Mathew Knowles, father of music industry superstars Beyoncé and Solange, believes his daughters' light skin complexions have contributed to their success.
Knowles spoke to Ebony magazine about his new book, "Racism: From the Eyes of a Child," which offers his thoughts on colorism in the music industry as well as in his personal life, including his "eroticized rage."
Colorism is a legacy of slavery in the U.S., which lingers within American culture and has resulted in a significance of skin tone within the Black community. Pulitzer Prize-winning author Alice Walker coined the term colorism in 1982, which she defined as "prejudicial or preferential treatment of same-race people based solely on their color."
Lighter-skinned enslaved African Americans were more likely to work as house slaves and were given preferential treatment by white plantation owners and the overseers, while African Americans with darker complexions worked in the fields and were believed to be inferior to those with lighter skin.
Knowles believes colorism is still rampant in the music industry.
"When it comes to Black females, who are the people who get their music played on pop radio?" he said to Ebony. "Mariah Carey, Rihanna, the female rapper Nicki Minaj, my kids [Beyoncé and Solange], and what do they all have in common?"
The chart-topping artists he mentioned are lighter-skinned Black women.
Growing up in the Deep South, just outside Birmingham, Ala., instilled in Knowles a preference for white or light-skinned women, he said.
"My mother used to say, 'Don't ever bring no nappy-head Black girl to my house,'" he said. "In the Deep South in the '50s, '60s and '70s, the shade of your Blackness was considered important. So I, unfortunately, grew up hearing that message."
Knowles said during a therapy session, he had a "breakthrough" and realized his preference to date white women or "very high-complexion" Black women was "eroticized rage."
He explained that "there was actual rage in me as a Black man, and I saw the white female as a way, subconsciously, of getting even or getting back. There are a lot of Black men of my era that are not aware of this thing."
Knowles also said that he thought his former wife, Tina, mother of Beyoncé and Solange, was white when he first met her. The couple divorced in 2011 after 31 years of marriage.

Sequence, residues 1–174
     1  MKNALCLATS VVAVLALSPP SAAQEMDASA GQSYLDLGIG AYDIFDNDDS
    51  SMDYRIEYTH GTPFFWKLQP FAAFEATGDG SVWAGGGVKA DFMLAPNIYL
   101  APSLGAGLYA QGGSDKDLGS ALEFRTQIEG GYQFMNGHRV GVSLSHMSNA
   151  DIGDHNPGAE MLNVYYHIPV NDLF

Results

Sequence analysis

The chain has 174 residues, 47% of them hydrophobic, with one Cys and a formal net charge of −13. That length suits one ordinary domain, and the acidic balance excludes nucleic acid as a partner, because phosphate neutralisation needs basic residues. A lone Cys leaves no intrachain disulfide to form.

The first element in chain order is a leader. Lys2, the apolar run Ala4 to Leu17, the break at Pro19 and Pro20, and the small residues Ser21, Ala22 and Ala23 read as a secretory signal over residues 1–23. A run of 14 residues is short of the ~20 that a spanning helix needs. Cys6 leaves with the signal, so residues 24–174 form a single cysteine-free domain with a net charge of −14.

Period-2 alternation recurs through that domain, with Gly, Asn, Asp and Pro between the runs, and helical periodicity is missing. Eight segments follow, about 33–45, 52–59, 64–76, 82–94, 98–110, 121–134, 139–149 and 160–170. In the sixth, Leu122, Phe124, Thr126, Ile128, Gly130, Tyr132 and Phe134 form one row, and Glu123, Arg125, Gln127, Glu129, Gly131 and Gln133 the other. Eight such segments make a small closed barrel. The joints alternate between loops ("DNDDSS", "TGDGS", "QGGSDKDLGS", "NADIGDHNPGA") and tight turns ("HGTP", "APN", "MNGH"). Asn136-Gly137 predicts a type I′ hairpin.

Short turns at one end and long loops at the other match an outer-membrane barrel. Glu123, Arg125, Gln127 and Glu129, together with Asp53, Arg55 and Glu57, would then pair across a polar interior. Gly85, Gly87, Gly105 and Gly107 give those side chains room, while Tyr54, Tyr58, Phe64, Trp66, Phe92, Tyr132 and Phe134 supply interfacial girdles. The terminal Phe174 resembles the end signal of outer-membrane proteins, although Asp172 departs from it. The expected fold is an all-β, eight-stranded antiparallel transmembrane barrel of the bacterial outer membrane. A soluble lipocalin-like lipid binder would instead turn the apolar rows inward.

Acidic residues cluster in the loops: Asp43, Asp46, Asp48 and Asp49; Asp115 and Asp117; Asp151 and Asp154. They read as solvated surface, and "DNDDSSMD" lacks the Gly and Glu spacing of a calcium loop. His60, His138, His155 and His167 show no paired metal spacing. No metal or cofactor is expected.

"Later I found out that she wasn't, and she was actually very much in-tune with her Blackness," he said.
Lori L. Tharps, associate professor of journalism at Temple University and author of "Same Family Different Colors," said in a column for Time magazine that race still matters in the U.S., but "color matters, too."
"In the 21st century, as America becomes less white and the multiracial community — formed by interracial unions and immigration — continues to expand, color will be even more significant than race in both public and private interactions," she writes.
"Why? Because a person's skin color is an irrefutable visual fact that is impossible to hide, whereas race is a constructed, quasi-scientific classification that is often only visible on a government form."
Knowles, who currently teaches at Texas Southern University, is the former manager of the R&B trio of Destiny's Child. Beyoncé and Kelly Rowland were original members, with Michelle Williams later joining.
Beyoncé's hit album "Lemonade" and world tour made her the highest-paid woman in music in 2017, according to an annual Forbes list on Monday.
In October 2010, Knowles was still Beyoncé's manager. After Live Nation Entertainment advised Beyoncé that her father might be stealing money from her "I Am…" tour, she ordered an audit through law firm Reed Smith LLP. In March 2011, Beyoncé announced that she was officially severing professional ties with her father.
Knowles claimed that Live Nation made false claims about him to his daughter and filed a lawsuit. In October 2011, the court ruled in favor of Live Nation.